2009 — 9 June: Tuesday
Here's hoping for a larger contiguous chunk of sleep tonight. First, another of my specially-blurred photos of Christa, from (I suspect, given her pullover) the winter of 1977 in Old Windsor:
I still have several of these little teddy bears that she made, on the shelves in what was her study. They predate the arrival of our son by several years. The cassette visible at the bottom of the picture is Angus Mackenzie's1 Dolby B reference calibration tape, as supplied with my external Videosonic PD22 processor, so I'm pretty sure of the vintage.
Hard to Patel
The 24th most common surname in the UK, apparently. Wonder where "Mounce" is on that list. "Cromwell", by the way, was the surname of the choo-choo that chuffed past last Saturday. It's a mere five months older than me, to obliquely answer one erudite reader's implicit enquiry.
I didn't resurface in time to catch the Reith lecture, but I've subscribed to the podcasts. It's now 10:04 and not exactly sunny (yet) after some overnight rain.
It's thirty years since I bought and read (in the uncheap Folio Society edition, too) The Pillow Book of Sei Shonagon. I've just put the phone down after a call from my NZ sister-in-law inviting me up to see her (rather than attend her mother's funeral, thoughtfully) to discover that Shonagon's writings have been dramatised. I think I'd prefer a simple reading, but no matter. Time for breakfast! Then time to hit the endless supplies trail as I managed to drop that little task on yesterday's back-burner. Procrastination may well be the Thief of Time, but it's a good friend of mine.
I never suspected Simon Winchester knew such interesting people. Butterflies and a sweet-smelling unguent, heh? Crikey. With my tongue firmly in my cheek, here's the source of this item. Ironically, I'm listening to a programme about pollinators as I type.
Why is it, do you suppose, that about every 100th reboot Windows wakes up having forgotten your chosen desktop colour scheme3 and reverts to the childishly garish default of rich blue and green? Poor programming perhaps? Just (14:29) back from a mini-adventure that took in lunch and a 40-mile tour of some of the Roman roads around the edges of Wiltshire. Coming downhill from Farley Mount we could see Fawley and Calshot in the distance, so the air was washed pretty clear. Right. Time to get back out there and do some retail damage.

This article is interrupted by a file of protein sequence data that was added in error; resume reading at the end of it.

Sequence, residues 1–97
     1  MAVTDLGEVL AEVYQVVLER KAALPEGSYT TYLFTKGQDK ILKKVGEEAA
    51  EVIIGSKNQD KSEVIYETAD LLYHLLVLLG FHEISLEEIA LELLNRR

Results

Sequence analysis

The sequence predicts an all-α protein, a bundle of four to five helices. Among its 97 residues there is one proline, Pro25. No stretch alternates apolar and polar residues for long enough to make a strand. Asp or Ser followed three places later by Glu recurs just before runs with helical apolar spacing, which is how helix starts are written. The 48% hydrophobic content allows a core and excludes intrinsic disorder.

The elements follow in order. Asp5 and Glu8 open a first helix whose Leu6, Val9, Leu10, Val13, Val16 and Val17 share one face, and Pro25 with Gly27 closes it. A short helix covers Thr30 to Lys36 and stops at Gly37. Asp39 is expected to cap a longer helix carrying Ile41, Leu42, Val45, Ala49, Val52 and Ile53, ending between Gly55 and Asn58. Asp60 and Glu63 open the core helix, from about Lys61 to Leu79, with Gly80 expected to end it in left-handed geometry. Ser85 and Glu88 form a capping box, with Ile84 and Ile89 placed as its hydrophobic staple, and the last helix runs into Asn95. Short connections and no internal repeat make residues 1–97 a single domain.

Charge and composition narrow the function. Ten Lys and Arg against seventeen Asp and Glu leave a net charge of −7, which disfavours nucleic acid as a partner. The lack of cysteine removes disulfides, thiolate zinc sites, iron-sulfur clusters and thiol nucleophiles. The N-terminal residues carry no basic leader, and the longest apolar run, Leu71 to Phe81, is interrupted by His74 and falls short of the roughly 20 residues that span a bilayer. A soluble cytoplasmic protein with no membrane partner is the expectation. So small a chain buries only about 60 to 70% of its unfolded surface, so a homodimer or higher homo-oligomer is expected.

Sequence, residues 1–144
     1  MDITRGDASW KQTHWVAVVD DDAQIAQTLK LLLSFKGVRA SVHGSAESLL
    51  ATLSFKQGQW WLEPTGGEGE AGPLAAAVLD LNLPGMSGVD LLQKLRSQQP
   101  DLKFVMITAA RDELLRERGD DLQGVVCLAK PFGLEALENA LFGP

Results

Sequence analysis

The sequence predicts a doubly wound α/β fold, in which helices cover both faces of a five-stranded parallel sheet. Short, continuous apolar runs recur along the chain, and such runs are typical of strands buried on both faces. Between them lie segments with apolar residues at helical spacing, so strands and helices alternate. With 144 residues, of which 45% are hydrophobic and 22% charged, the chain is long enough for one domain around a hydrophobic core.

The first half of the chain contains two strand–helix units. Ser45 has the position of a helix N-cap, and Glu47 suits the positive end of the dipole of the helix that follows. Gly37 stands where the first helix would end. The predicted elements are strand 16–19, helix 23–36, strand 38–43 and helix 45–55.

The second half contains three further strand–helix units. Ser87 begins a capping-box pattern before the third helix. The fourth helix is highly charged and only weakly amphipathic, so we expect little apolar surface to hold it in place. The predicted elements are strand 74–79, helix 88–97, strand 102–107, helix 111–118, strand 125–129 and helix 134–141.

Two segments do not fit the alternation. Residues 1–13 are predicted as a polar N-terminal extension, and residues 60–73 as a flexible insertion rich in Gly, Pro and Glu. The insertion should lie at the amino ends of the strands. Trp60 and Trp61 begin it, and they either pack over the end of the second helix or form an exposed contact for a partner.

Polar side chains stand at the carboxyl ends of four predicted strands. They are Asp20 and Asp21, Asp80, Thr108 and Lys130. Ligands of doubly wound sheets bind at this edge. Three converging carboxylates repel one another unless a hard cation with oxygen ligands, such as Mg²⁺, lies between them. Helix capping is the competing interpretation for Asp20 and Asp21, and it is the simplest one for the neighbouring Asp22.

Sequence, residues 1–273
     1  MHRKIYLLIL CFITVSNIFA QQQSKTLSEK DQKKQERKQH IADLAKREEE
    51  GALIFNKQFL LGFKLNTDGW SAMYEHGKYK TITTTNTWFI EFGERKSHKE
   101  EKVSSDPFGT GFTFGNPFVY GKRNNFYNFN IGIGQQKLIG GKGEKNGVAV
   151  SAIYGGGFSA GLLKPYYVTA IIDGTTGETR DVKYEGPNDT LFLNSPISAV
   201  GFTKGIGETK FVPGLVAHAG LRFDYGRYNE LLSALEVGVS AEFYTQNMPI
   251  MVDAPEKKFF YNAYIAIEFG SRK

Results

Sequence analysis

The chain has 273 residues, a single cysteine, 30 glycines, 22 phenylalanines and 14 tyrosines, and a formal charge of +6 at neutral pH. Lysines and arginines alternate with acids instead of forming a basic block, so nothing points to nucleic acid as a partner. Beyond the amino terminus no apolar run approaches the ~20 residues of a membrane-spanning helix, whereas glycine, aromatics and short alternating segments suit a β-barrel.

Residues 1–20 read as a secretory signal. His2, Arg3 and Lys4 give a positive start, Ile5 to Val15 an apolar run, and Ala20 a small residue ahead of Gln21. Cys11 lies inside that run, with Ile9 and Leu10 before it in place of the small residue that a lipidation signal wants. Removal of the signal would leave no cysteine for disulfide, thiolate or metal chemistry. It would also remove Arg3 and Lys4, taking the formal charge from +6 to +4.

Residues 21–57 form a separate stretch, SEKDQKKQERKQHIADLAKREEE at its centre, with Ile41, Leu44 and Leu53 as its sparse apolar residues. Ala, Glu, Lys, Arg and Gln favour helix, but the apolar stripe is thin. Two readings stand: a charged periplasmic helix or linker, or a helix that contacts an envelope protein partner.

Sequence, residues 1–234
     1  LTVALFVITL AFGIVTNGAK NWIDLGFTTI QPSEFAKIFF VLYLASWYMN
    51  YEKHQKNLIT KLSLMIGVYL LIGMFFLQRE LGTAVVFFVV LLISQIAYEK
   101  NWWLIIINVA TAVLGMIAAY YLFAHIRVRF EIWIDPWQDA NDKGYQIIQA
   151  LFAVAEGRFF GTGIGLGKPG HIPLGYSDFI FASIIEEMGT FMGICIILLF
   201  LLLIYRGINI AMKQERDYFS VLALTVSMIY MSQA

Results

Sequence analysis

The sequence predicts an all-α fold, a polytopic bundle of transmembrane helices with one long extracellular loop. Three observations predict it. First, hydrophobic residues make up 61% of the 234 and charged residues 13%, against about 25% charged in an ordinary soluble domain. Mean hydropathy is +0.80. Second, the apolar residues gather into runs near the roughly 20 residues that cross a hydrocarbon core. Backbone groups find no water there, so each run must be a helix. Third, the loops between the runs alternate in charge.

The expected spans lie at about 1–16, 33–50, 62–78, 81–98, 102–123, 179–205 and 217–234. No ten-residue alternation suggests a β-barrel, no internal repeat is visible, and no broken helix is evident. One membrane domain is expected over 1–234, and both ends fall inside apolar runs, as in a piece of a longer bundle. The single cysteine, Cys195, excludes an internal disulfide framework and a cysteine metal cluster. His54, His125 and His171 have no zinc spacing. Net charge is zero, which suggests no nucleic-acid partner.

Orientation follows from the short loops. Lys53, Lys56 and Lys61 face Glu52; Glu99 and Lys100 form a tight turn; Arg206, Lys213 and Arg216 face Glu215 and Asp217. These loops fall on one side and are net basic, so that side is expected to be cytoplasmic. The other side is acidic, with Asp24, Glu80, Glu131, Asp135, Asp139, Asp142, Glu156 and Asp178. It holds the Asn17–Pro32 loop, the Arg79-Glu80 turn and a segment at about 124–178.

The things people believe
I got back in time to have an amicably animated agreement to differ with my young neighbour — a Pakistani doctor who would like to get me to read the Koran and to disabuse me of my strange belief in the theory of evolution as espoused by people like Charles Darwin. I do so enjoy these little interactions. He tells me he used to believe in the theory of evolution "years ago" (about fifteen, I gather) but is now firmly convinced that it leaves too many questions unanswered. The evolution of the eye, for example. But even Wikipedia, that well-known fount of all knowledge, has a good grasp on this. The missing species in between, say, cats and dogs. The missing primates between us and the various great apes.
Perhaps it's time to introduce him (gently) to the church of the flying spaghetti monster?
Aside to Christa
I note the owner of your Mum's favourite catalogue company (Quelle) is in dire straits. How things change, heh? And look what's just been unearthed in your old home country — the "Venus of Hohle Fels":
I doubt anything in the Quelle catalogue would suit this little lady.
Science made interesting
Start here! Make sure you don't miss this wonderful gem. Snippet and source:
Triazadienyl Fluoride... most of the literature on this compound remains computational, rather than experimental (other than Willner's lab), and unless it turns out to be the secret to faster-than-light travel or something, that situation will continue to obtain. It's already good for accelerating Pyrex fragments past the speed of sound, but there are easier ways.
Guillermo ("Hellboy") del Toro is being interviewed by Stuart Maconie. They're talking about a vampire tale ("The Strain") that he's co-written with Chuck Hogan — it's nasty and sick, I gather. He says "wampires" as young romantic bad boy heroes don't "peel his banana". He started making a short film about Pink Floyd's "Welcome to the machine" as a kid but ran out of money for his Super-8 venture. He would have been eleven when that wonderful album (Wish you were here) was first released.